In photography, the exposure settings of aperture, shutter speed and ISO speed are analogous to the width, time and quantity discussed above. Furthermore, just as the rate of rainfall was beyond your control above, so too is natural light for a photographer.

Tuesday, July 26, 2011

Canon U.S.A. : Canon Professional Services

Canon U.S.A. : Canon Professional Services

Chuck Adams Photography

Why I love photography                                          

Ask any photographer (professional, amateur, or casual shooter) what photography means to them, and you’ll get as many answers as there are stars in the sky. This is a good thing. This means that fifty people can be taking the same shot of a single scene and almost all of them will come up with their own unique take on it.
Photography like any art is broken down into two aspects. You have the nuts and bolts discussion on how to use the camera, and how far you can stress the camera to get the shot you want. The other part is the crafting an image to bring out a reaction from the viewer. Without the former skills under your belt the latter becomes much harder.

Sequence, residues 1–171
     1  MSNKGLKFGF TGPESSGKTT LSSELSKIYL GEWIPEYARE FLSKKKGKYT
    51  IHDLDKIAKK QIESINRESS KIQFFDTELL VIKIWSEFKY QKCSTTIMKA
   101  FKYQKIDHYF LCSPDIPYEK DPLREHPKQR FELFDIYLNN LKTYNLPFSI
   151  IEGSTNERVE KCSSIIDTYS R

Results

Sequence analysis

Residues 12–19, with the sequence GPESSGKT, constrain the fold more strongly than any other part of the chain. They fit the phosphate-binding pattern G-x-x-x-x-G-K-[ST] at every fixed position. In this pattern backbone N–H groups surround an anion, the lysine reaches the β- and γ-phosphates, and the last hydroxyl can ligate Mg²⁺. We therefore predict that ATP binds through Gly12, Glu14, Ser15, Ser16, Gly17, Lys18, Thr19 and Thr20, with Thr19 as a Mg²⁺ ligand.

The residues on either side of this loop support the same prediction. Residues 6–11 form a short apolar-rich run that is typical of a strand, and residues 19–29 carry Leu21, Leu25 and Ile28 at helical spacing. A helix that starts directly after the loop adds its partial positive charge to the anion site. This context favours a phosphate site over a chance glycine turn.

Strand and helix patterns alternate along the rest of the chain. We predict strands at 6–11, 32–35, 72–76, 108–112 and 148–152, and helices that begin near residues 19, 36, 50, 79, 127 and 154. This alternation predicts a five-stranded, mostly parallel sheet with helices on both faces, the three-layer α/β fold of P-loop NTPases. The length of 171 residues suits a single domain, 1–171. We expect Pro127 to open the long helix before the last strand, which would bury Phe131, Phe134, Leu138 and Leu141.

However, it’s the two as a whole that drives what I think photography is. My belief is a picture is pure emotion. That could be pain, anger, suffering, joy, silliness, sadness, tranquility, etc. However, it must evoke an emotion. If it doesn’t it has failed.
Note, I’m stating “emotion” and not a “story.” Each person that sees just the picture will overlay their own story on the picture. If as a photographer you have to handhold the viewer as to what the story is you have failed. You can add scene details through a header or a short blurb, but the image should stand without them.
Why? Because more often than not the photo is out of your control. You take a picture and give it to someone. They may or may not accept your “version” of the story you tell, but they can’t deny the emotion within the shot.